increase fuel prices. It was the scarcity of oil refineries to distill the
crude into useable forms of fuel that was real culprit behind the price
hike. On May 11 2006 the Kansas Star quoted the CEO of Exxon Mobile as
saying that it really wasn’t all those environmental laws that prevented his
and other companies from building new refineries. In fact he said that they
needed to keep the greens in business to have an excuse for disinvesting in

Other factors such as the weakness of the dollar and the falsifying of oil
reserve inventories by oil companies such as shell have added to market
uncertainty over the past few years and have helped to push up the price of

Whilst the aforementioned only tell part of the story the underlying causes
foretell higher oil prices and conflicts between nations over the control of
the remaining hydrocarbons. The underlying causes can be summarized as

a) The peak of global oil supply

Oil as well as other hydrocarbons is a finite resource. Man has been
exploiting these resources for well over a hundred years. Numerous studies
by eminent scientists have shown that the global supply of oil is about to
peak between now and the next 15 years. Peak oil can be defined as a point
when the total world production of oil and all known reserves are surpassed
by the world demand. In other words oil becomes less available and more
expensive to extract. In the 1970’s US oil production peaked and America was
forced to import crude oil to meet domestic demand. Britain’s North Sea oil
peaked in 1999 and is declining at an increasing rate of 11% a year. The
number of major new oil fields discovered around the world fell to zero for
the first time in 2003.
Western governments have known about peak oil and its implications on the
global economy for sometime but have deliberately kept their people in the
dark about its consequences. In March 2001 at the National Energy Summit,
Bush’s Energy Secretary Spencer Abraham said, “America faces a major energy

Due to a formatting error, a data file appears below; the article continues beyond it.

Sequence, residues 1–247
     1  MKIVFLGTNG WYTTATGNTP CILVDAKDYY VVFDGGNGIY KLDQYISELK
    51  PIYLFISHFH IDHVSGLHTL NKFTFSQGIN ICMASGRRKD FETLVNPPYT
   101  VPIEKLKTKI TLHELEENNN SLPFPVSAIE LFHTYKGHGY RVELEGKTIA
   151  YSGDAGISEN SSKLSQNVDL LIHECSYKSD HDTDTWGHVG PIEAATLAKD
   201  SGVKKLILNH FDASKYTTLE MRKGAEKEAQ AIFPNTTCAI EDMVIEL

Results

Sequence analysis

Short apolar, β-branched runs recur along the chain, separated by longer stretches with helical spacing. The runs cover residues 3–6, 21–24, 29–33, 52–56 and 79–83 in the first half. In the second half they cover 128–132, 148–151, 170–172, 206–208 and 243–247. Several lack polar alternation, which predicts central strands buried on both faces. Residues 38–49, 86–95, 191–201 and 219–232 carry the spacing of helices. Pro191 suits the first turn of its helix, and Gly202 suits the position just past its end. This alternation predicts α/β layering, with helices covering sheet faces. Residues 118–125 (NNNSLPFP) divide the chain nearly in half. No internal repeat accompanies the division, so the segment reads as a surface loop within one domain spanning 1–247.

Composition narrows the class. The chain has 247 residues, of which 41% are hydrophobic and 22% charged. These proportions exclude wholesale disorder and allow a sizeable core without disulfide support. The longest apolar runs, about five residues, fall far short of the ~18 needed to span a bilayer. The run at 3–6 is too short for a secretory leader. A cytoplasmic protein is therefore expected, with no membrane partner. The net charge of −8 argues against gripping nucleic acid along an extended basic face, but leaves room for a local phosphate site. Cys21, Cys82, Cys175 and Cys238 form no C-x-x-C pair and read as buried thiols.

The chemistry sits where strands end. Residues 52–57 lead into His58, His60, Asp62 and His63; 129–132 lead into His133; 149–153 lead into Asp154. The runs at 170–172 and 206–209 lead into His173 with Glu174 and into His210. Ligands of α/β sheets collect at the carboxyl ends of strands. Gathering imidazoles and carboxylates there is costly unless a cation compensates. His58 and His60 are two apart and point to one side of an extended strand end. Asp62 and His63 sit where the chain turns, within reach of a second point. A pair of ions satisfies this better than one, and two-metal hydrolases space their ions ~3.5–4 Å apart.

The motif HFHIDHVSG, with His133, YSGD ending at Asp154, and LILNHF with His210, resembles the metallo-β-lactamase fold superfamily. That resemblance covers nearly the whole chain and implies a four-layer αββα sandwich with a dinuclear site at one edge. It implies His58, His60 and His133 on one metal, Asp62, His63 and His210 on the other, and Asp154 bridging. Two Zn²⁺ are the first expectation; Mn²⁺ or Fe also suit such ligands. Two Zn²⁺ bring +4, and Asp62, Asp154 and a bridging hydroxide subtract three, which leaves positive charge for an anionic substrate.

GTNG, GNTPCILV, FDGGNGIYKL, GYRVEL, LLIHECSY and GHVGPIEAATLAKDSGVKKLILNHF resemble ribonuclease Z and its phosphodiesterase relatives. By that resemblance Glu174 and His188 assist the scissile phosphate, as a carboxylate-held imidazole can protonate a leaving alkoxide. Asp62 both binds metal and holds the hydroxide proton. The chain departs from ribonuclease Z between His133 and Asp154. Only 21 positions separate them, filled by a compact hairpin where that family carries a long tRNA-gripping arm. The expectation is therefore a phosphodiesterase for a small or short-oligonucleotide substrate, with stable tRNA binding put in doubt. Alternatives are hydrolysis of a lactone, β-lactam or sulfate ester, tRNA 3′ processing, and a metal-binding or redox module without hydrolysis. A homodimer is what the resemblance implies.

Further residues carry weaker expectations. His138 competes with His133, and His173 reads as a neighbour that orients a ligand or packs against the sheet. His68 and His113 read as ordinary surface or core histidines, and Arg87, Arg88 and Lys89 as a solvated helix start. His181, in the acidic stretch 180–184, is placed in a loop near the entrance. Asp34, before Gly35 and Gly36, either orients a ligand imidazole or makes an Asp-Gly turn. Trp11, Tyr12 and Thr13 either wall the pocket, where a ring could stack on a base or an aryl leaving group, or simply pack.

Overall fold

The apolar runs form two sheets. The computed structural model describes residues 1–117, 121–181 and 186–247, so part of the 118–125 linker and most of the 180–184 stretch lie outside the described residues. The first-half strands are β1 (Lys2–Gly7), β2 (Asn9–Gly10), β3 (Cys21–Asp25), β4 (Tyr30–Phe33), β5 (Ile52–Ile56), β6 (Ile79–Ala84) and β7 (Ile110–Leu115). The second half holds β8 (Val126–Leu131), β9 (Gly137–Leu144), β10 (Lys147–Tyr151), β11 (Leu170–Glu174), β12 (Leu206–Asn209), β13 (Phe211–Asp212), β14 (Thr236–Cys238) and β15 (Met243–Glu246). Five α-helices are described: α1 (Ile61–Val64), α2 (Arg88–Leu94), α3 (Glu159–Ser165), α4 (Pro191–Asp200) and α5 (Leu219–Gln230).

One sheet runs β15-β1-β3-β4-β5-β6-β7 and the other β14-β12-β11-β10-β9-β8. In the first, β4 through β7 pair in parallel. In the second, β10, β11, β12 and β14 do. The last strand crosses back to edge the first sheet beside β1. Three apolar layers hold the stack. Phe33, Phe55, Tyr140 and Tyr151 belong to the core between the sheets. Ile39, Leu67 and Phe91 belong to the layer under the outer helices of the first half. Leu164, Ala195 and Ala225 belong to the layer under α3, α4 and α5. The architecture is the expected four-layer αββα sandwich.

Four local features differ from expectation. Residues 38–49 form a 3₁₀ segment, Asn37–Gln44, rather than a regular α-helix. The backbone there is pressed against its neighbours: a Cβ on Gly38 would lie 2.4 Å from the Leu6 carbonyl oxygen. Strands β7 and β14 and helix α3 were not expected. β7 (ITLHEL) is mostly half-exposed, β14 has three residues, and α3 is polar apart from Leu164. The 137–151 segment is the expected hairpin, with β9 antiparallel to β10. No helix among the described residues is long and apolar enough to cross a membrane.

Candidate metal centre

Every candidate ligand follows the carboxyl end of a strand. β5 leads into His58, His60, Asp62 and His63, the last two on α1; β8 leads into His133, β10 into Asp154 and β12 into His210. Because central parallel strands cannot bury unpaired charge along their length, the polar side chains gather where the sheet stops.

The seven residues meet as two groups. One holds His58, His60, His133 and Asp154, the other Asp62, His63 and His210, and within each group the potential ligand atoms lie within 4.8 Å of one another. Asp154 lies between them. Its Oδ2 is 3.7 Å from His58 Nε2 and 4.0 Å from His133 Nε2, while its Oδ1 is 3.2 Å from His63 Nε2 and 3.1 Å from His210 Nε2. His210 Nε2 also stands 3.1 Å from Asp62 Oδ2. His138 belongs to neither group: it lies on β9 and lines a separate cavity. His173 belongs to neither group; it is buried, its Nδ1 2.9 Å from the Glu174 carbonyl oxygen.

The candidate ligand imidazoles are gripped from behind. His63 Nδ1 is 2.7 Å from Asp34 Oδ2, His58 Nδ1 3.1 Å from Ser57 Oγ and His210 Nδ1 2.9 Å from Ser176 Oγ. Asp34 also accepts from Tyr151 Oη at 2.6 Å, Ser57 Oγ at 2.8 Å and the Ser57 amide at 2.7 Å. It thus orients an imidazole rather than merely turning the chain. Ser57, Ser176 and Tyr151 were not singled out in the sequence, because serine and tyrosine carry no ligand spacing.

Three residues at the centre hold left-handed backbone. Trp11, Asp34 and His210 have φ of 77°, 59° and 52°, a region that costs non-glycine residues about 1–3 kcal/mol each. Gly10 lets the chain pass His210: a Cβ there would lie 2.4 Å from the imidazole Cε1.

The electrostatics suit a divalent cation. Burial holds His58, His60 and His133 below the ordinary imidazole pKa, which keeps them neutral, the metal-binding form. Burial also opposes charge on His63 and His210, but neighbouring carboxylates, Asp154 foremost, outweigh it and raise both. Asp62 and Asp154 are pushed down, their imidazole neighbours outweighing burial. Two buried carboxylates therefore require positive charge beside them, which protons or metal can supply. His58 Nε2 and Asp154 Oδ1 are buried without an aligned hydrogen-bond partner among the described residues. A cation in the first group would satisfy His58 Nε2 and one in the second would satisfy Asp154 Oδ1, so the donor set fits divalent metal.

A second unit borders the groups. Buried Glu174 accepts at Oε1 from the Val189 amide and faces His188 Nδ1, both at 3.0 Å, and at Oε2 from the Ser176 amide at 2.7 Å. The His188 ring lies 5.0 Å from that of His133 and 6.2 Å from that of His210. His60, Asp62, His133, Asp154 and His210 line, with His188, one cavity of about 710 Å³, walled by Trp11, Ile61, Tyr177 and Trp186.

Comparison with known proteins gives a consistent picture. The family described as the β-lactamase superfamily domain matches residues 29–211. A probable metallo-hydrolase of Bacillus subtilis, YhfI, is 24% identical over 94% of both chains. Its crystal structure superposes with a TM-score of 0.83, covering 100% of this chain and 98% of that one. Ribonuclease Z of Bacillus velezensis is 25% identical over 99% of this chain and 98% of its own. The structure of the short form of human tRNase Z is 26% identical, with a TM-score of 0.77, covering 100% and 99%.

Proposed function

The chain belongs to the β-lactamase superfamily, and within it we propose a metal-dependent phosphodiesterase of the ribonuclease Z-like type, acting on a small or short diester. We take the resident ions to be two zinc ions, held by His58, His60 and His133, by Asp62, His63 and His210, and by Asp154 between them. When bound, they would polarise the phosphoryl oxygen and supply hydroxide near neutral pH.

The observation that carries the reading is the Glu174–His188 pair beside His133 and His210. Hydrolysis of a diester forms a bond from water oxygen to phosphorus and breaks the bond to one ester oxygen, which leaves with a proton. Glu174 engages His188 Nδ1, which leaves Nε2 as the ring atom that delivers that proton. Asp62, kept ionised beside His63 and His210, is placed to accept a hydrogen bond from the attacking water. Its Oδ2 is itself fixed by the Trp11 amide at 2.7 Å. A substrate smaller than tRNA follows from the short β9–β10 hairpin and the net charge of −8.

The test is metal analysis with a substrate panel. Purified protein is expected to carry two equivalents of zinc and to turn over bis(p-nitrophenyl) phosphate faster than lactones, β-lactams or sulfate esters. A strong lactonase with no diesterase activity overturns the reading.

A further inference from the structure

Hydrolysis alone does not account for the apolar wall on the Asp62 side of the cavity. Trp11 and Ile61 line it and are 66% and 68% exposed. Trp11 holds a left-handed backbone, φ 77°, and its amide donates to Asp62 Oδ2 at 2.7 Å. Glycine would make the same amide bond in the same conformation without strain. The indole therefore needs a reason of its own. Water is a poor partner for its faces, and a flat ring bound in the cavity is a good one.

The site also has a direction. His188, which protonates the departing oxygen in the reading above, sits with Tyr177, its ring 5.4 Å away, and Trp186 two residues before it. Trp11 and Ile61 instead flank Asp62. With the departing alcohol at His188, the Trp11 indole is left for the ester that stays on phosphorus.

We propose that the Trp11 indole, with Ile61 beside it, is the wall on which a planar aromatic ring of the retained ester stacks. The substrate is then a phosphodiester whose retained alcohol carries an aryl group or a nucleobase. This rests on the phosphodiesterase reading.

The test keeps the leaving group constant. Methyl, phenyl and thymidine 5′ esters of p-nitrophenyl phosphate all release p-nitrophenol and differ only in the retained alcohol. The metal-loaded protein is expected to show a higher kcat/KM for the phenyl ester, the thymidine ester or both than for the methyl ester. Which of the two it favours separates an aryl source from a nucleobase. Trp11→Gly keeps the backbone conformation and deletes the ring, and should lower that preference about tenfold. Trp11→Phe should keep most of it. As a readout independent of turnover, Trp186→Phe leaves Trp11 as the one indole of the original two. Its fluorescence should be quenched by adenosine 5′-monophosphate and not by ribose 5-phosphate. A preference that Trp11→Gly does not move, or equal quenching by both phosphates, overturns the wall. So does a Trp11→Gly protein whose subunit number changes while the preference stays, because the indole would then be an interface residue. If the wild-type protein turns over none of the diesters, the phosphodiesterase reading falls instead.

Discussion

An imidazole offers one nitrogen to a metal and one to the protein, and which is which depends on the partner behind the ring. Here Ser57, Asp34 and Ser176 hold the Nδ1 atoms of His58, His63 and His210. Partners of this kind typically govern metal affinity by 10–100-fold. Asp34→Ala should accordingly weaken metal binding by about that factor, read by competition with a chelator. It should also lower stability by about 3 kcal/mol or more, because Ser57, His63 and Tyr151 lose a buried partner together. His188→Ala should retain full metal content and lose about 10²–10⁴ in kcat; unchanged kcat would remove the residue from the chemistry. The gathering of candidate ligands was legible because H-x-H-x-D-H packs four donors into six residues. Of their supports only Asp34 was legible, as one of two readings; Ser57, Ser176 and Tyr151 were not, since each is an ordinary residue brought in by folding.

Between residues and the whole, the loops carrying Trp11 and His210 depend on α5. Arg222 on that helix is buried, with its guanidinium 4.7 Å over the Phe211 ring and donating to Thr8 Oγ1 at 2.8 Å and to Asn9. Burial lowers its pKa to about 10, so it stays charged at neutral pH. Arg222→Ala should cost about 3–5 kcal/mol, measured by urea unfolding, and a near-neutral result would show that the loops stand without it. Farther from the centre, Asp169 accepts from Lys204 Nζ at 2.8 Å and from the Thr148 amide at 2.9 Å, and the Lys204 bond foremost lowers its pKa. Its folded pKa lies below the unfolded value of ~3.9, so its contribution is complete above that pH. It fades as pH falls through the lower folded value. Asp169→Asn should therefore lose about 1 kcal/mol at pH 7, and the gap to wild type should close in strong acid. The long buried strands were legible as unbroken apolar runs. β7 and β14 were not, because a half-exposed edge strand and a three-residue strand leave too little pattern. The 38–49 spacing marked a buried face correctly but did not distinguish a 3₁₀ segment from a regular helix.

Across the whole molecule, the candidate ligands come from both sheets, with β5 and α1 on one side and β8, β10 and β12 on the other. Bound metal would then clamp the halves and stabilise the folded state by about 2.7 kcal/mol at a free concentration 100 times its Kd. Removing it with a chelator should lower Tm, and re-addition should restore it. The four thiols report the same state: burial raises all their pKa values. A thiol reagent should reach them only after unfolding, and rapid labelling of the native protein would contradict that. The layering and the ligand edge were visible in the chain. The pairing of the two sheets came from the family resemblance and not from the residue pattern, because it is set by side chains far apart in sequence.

supply crisis over the next two decades. The failure to meet this challenge
will threaten will threaten our nation’s economic prosperity, compromise our
national security, and literally alter the way we lead our lives.” The
remarks mirror Cheney’s speech to International Petroleum Institute in
London in late1999. Cheney stated, ‘there will be an average of two percent
annual growth in global oil demand over the years ahead, along with,
conservatively, a three percent natural decline in production from existing
reserves. That means by 2010 we will need on the order of an additional
fifty million barrels a day.’ This is equivalent to more than six Saudi
Arabia’s of today’s size.

On September 9 2001, a memo entitled ‘Submission to the Cabinet Office on
Energy Policy’ was delivered to the Prime Minister. The memo had been
prepared by the Depletion Analysis Centre and stated ‘The world faces severe
hydrocarbon supply difficulties. Global oil supply is currently at political
risk… Large investment in Middle East production, if they occur, could
raise output, but only to a limited extent. The main exception is Iraq…’ the
memo also went on to predict the peak in oil supply. It stated ‘best
estimates put the global peak between five and ten years away’. The report
also predicted a global peak for natural gas too, 20 years away. In May 2003
at a conference on the subject of peak oil, Mathew Simmons an American
energy expert and advisor to Bush and Cheney told the audience, “what does
peaking mean and when does it occur?” He then answered his own question by
stating, “The worry is that peaking is at hand and not years away…”

So it is not surprising to discover that the recommendation of Cheney’s 2001
energy report called for the seizure of foreign oil most notably Iraqi,
Saudi and UAE’s oil fields. Some US studies predict that Iraq may hold 423
million barrels of unexplored oil reserves. Thus America used 9/11 to embark
upon a strategy of controlling the world’s energy and this venture stretches
from Latin America to West Africa encompasses the entire Middle East and
Central Asia,  and rests on the prevention of a powerful state (EU,
Russia, China and the Caliphate) emerging in Eurasia to challenge American
hegemony. The pentagon calls this Full Spectrum Domination.

b) Capitalism

Capitalism is the main cause of misery for the people of world today. The
rich and powerful do their utmost to safeguard their interests at the
expense of their people. The dramatic rise in the price of crude oil has
produced huge bonanzas for oil investors and speculators, oil companies and
governments. In the first quarter of this year, profit for ExxonMobil was $8
billion, for Conoco Phillips it was $3.3 billion, for Anglo-Dutch Shell it
was $6.09 billion and for BP it was $5.282 billion. These are the same
companies that have refused to invest in extra capacity and have pushed the
UK and US governments to embark on a strategy of controlling the world’s
remaining oil supply. Governments instead of penalising these companies are
punishing consumers by raising the price of petrol to make greater profits
for their treasuries.  As long as capitalism continues to thrive any public
resource be it energy or water will be exploited by the capitalists to make
obscene profits irrespective of the wellbeing of the people.

In conclusion cliques of powerful capitalists are pushing the world towards
a forthcoming war over the control of energy and its security. Only a state
with an alternative ideology to capitalism will be able to resists this